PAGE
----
The Greatest Fear takes a bit of a step back, beginning with what sounds like a church choir and an organ building up to the beginning of the track. If you’re into your classic metal you’re likely to enjoy this one. McCall’s gloomy vocals accompanied by solid chanting vocals work brilliantly together. The track still keeps the band’s DNA firmly intertwined, with a big breakdown that is almost definitely going to go down well live. It’s a brilliant modern take on classic metal.
The following track, Darker Still, is a track like no other Parkway have ever released, and that’s almost instantly apparent from the whistling and gentle acoustic guitars. Standing at near seven minutes, and featuring McCall’s clean almost spoken word vocals, it’s a single that has shown the growth of the band in the past near 20 years. Its production is of the very highest quality, and has a bluesy feel to it, especially with Jeff Ling’s guitar solo. As with Reverence, the band optimise the use of a full orchestra, adding to the wall of sound that makes up this track. It’s by far one of the most impressive songs Parkway have released, because it’s clear as day how much thought has gone into the makings of not just this track, but the whole record.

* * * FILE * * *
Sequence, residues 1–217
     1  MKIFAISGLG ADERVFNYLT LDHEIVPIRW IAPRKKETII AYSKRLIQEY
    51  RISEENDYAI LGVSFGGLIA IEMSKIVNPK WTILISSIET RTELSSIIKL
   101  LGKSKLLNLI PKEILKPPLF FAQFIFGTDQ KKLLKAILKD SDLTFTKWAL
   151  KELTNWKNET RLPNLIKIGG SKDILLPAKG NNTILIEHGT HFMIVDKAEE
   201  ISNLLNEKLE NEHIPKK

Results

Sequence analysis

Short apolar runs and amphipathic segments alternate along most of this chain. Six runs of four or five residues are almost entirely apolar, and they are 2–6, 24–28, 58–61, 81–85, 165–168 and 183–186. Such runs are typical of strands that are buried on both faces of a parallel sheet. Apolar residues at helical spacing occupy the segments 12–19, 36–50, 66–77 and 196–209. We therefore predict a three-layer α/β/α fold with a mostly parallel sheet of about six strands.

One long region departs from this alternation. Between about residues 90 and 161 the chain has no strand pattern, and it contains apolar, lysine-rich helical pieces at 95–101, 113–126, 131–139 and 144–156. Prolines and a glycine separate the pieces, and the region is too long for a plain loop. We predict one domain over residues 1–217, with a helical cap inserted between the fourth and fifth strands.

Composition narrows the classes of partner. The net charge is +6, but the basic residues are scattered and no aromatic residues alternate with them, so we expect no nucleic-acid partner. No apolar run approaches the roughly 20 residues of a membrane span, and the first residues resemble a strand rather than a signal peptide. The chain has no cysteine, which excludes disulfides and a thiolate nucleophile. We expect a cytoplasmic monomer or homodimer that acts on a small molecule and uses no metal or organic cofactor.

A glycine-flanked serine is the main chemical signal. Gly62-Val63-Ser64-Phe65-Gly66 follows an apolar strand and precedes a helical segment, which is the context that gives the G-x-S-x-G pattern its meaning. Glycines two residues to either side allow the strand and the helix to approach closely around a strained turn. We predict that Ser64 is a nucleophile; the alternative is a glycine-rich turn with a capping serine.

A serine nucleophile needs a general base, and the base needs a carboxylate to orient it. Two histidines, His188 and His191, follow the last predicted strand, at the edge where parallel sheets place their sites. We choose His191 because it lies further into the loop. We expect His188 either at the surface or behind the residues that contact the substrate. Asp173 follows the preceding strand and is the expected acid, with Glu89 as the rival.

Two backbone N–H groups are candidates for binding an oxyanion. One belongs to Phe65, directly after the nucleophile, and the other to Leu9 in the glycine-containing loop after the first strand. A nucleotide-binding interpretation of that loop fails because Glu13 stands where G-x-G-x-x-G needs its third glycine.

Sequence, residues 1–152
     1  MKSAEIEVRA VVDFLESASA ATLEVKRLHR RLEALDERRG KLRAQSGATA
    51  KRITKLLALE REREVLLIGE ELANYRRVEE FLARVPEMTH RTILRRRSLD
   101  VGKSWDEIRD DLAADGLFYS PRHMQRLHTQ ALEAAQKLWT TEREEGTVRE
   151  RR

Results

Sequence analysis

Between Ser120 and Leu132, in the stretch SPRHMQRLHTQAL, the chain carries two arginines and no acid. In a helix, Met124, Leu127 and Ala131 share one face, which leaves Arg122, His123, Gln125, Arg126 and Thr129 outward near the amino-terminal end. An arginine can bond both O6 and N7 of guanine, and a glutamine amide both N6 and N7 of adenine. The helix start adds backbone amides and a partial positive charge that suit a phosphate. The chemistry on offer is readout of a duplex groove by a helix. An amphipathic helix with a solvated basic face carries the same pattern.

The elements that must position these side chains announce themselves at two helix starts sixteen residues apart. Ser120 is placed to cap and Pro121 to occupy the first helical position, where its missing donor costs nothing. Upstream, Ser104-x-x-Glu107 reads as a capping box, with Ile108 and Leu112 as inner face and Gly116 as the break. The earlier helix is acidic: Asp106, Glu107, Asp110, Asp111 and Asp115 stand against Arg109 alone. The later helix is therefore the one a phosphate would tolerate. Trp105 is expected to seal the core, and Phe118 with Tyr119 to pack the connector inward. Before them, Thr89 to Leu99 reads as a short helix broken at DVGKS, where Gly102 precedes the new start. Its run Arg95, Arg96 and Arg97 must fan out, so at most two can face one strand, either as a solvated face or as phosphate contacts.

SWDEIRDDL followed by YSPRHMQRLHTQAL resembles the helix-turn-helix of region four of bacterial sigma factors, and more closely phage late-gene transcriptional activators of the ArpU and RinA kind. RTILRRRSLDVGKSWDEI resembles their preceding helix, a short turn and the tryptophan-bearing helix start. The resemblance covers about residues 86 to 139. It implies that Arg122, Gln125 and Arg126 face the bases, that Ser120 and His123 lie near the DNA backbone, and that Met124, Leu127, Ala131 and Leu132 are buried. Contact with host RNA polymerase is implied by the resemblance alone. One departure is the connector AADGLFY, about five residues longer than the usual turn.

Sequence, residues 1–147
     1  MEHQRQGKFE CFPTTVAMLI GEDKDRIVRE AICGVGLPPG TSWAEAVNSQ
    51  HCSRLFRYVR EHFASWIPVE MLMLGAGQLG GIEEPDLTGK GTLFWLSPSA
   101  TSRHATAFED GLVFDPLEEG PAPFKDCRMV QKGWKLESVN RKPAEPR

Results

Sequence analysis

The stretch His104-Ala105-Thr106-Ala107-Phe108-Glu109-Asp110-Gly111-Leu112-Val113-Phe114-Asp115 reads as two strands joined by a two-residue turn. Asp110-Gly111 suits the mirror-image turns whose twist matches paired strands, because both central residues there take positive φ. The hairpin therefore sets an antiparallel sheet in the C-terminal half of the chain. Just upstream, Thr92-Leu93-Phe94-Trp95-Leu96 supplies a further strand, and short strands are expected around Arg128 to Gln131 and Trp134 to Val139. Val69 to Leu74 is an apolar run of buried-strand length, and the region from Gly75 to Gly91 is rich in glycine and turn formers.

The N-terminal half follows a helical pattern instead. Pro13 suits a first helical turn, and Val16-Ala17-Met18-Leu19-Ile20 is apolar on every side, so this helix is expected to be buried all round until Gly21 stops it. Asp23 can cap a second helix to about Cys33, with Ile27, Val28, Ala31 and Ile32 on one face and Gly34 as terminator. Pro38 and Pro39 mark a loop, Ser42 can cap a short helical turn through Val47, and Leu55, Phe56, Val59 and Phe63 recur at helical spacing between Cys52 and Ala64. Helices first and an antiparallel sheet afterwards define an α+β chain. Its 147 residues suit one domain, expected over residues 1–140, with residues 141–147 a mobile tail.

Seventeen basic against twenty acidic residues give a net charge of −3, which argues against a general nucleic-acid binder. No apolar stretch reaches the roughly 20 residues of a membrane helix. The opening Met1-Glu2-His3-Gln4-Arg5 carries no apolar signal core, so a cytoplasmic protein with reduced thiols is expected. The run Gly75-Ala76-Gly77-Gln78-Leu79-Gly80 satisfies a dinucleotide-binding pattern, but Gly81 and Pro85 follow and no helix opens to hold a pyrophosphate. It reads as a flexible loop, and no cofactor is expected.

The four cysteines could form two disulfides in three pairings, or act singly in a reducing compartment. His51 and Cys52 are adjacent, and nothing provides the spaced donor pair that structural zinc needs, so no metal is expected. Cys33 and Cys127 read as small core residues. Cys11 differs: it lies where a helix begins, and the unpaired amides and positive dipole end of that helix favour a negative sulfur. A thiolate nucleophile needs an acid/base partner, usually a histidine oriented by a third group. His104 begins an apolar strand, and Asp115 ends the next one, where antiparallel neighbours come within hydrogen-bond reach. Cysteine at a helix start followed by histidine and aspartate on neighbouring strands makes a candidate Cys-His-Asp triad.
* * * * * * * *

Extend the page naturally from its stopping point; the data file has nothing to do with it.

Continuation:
Imperial Heretic has the tough job of following up Darker Still. It doesn’t quite do it justice. It’s a pretty average modern Parkway track that passes you by, and even the breakdown doesn’t really get your attention. The backing vocals are a nice touch towards the end of the song, and that’s about it.
If A God Can Bleed starts with a clear Linkin Park influence. A strange muffled highly edited vocal of “If a god can bleed” echoes around with some bizarre production. McCall’s spoken word vocals are just weird, as are the lyrics: “Fat little piggy with his head on the block”. We’re going to be honest when we say that this may be Parkway Drive’s worst ever track. It’s like they made it when they were really high and released it as a joke.